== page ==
AZAPO Voice Volume 4 Issue No 24

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This Thursday marks the 29th anniversary of the dawn of democracy. Note that we make an effort to resist the temptation of referring to April 27 as Freedom Day because we are of the view that our struggle for liberation was aborted at World Trade Centre in Kempton Park in the run-up to the 1994 first all-race elections.

For the record, AZAPO is the only component of the liberation movement that refused participation in the CODESA talks that were to usher in a new political dispensation. AZAPO also boycotted the 1994 elections and urged the people of South Africa not to participate in those elections because they would essentially be giving legitimacy to a process designed to abort our struggle for liberation and to legalise land dispossession in the hands of the white tribe.

AZAPO’s plea for the people to boycott the elections was not heeded. Just like the Biblical Noah, the masses of the people largely ignored the call by AZAPO. It was also a difficult message for a lot of people. For decades, the liberation movement had been fighting for a system that would be based on one person one vote, in a common voters’ roll. For decades the liberation movement had been campaigning against the banning of political organisations, and for the release of political prisoners and the return of exiles into the country without any conditions.

FW de Klerk met some of these conditions and started a process of negotiations for a new political order in the country. The buzzword was democracy. So, when the African National Congress and the Pan Africanist Congress of Azania joined the negotiation table, the process looked legitimate. The process appeared genuine. At the table, there were struggle heroes such as Nelson Mandela who had been in prison for 27 years.

AZAPO was seen as party-spoilers. But AZAPO was just merely articulating a position that was informed by facts on the ground. AZAPO’s argument was that the CODESA talks were just a façade. Real talks had already been concluded behind bars. The CODESA process was merely to rubberstamp the secret deals that had been entered into by the apartheid regime and some in the liberation movement.

AZAPO argued that the negotiations were not about the transfer of land, wealth and the control of the economy from white hands to the Black majority. The negotiations were about the removal of apartheid from the statute books and giving all South Africans a right to vote. The negotiations were designed to produce a constitution that will protect private ownership of property that had been acquired through apartheid laws. In other words, the deal was that white people would retain all their ill-gotten wealth and land. But more importantly, if the new Black government wanted to take the land from the white tribe, the government would have to buy the land at a price determined by the seller. The whole thing was called the willing-seller and willing-buyer system. And in case the buyer does not want to sell the land, the buyer cannot force the sale.

AZAPO was quite clear. It correctly analysed the situation and concluded that accepting the proposed deal will result in a sellout arrangement whereby the new democratic government would be reduced to a Matshingilane who would have to guard white wealth and property against the Black majority who may have aspirations of sharing in the wealth of the country.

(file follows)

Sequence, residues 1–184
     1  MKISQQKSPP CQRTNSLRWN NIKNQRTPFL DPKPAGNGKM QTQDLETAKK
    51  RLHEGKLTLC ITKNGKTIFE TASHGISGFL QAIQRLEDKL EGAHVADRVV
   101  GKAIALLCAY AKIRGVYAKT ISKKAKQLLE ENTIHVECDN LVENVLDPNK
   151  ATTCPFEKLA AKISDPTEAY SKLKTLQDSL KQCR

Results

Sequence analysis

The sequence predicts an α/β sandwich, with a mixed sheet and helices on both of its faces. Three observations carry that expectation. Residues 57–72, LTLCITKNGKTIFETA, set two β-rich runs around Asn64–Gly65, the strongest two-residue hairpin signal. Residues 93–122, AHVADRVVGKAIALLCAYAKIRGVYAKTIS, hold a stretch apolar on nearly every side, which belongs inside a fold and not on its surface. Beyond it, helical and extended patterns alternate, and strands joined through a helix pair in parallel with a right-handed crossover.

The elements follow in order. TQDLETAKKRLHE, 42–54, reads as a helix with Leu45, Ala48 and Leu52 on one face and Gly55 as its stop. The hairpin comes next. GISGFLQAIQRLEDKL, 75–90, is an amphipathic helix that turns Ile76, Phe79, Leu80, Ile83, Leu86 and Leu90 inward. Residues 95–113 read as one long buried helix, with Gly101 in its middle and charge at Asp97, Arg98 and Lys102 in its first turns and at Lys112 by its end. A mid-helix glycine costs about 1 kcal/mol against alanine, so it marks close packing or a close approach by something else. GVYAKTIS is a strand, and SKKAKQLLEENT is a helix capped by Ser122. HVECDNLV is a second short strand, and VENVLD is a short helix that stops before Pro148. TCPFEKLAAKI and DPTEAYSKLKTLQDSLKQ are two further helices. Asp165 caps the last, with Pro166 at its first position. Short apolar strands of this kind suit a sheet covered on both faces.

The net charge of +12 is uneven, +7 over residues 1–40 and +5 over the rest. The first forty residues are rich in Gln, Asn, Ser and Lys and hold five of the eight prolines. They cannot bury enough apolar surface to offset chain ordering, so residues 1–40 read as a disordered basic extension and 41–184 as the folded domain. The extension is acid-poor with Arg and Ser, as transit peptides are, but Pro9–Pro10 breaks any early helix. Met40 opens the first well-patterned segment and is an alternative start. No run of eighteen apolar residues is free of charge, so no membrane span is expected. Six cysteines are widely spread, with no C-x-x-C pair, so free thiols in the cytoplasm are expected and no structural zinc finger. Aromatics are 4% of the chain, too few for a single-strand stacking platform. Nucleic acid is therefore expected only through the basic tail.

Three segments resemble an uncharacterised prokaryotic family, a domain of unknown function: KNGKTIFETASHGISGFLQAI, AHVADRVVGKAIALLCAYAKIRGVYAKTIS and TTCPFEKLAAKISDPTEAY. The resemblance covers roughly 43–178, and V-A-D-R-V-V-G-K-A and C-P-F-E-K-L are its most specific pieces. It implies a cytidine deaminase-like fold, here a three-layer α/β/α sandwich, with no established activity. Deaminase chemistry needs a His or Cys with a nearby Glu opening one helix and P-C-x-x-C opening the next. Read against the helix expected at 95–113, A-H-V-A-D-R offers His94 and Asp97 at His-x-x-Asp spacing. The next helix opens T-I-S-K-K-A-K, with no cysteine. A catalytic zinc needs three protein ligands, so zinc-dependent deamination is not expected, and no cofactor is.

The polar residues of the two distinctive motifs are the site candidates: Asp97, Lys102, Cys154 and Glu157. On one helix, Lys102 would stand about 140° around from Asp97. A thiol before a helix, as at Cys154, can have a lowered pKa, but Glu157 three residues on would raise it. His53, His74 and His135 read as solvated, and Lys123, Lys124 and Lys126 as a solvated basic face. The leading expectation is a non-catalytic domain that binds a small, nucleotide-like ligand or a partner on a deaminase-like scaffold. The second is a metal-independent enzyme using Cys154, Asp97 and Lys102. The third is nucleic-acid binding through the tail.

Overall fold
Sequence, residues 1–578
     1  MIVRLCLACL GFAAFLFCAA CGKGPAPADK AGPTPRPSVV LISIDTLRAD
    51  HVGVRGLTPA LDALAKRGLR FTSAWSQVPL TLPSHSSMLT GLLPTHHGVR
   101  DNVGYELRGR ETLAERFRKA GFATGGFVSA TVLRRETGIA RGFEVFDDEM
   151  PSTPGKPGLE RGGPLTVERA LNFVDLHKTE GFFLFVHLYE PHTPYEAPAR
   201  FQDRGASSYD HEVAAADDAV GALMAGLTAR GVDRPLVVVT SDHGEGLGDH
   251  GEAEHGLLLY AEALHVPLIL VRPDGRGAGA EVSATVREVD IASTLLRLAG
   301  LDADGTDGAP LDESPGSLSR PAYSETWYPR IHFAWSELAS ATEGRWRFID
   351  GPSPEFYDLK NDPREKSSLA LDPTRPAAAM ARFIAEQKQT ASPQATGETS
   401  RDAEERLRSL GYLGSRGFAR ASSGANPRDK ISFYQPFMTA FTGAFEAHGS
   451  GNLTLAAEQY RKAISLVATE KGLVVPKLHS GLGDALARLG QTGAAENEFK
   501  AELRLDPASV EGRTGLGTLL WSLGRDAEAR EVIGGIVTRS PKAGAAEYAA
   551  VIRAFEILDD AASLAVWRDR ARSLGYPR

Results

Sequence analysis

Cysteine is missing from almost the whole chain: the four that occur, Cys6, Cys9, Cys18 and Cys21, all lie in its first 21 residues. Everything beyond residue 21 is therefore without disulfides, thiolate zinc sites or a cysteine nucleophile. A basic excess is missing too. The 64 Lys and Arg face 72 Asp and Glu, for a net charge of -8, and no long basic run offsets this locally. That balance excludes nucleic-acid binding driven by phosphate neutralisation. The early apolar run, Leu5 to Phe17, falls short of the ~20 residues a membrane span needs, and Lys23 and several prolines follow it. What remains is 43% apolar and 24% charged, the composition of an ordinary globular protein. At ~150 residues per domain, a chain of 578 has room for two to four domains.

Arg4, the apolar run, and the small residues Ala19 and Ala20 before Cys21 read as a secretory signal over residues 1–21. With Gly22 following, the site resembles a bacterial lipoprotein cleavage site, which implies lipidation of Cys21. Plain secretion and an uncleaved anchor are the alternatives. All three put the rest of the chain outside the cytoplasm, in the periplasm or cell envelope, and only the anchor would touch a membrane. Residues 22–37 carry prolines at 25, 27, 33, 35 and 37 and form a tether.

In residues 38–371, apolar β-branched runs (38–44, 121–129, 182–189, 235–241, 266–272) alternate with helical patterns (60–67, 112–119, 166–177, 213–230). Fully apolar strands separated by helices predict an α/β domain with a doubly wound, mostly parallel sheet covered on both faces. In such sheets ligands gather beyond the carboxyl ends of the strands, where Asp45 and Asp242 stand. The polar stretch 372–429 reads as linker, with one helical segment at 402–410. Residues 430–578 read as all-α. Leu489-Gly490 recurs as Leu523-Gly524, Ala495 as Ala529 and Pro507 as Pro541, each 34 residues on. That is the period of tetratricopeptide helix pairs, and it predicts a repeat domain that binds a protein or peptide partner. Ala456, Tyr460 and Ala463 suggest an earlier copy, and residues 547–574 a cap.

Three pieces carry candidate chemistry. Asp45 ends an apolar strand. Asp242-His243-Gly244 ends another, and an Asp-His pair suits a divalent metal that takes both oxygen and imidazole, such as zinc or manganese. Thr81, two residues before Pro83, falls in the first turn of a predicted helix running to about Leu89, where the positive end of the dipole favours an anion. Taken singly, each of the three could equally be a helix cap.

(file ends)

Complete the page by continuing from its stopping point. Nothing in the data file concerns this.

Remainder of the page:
Fast forward to today. AZAPO has been vindicated. April 27, 1994 did not herald liberation. The process did not lead to the transfer of land from the white tribe to the Black majority. The economy remained in white hands. The Constitution, largely praised by the liberals as the best in the world, has become a tool that prescribes the pace of transformation and has largely been used to protect the status quo.

Under democracy, South Africa has become the most unequal society in the world. Under democracy, unemployment has reached record levels, with youth unemployment as high as 70%. Under democracy, public health system has all but collapsed. Under democracy, public education is in a mess. Crime is out of control. It is only Black people who live in shacks. It is only Black people who still have to use the bucket system for their toilets. It is only Black people who still have to compete with animals for drinking water. But life is great for the white tribe who do not have to use these public services. Sadly, all these things are happening under a government led by non-whites.

Excuse us if we do not see the reason to celebrate April 27. The day is a painful reminder that our struggle for liberation was aborted. You do not need to look far to appreciate this. Only this week, there was news report that the Department of Defence is to brief the media about benefits for military veterans. As we speak, many former freedom fighters who gave their youth and literally sacrificed their lives for this country are destitute. But those who were on the other side, those who defended apartheid by killing our people have been taken care of. They have all the benefits and enjoy their pensions.

Excuse us if we do not see a clear reason for celebrating April 27. The apartheid regime may be gone but its legacy is being enforced by the current government.

But as imperfect as the system is, there is hope. The system allows for people to change the government through a vote. There is no reason to despair. We should remind ourselves that the power to change the system to serve us is in our hands. That is why AZAPO is pleading with all people to register to vote and use their vote to vote for change. It is really up to us. Our future is in our hands.


There is no lack of eloquence to describe the suffering of the majority of South Africans. In any event, many of us know that we are suffering because it is us who do not have land, jobs, quality education or proper health care system. It is us who have no adequate water. It is us who spend endless hours in darkness because of power outages.

There is no need to master tabulating our suffering. We know our suffering. The question that AZAPO should answer to a frustrated and angry South African, who can see that the political and economic situation in the country is moving from a crisis to a catastrophe is: what will AZAPO do should it get into power?

There is no denying that our country is suffering from an acute crisis of leadership. For instance, when the powers that be realised that the minister of energy or public enterprises is failing to get Eskom to deliver on its mandate to provide uninterrupted supply of electricity, a new portfolio of the Ministry of Electricity is created. The non-performing ministers are left to retain their positions. It is obvious that if we are to solve the country’s problems, we should change the government and elect a responsive and caring government. But that is only the beginning, and possibly the easier part. Politicians may attract a lot of publicity about their corruption, mismanagement, sheer incompetence and unethical leadership but they are extremely few in numbers. The National Assembly has only 400 Members of Parliament. Then there are 10 members from each of the nine provinces in the National Council of Provinces. Each of the provincial legislatures has no more than 100 MPLs. Considering that the country has an estimated population of 60 million, we have very few politicians.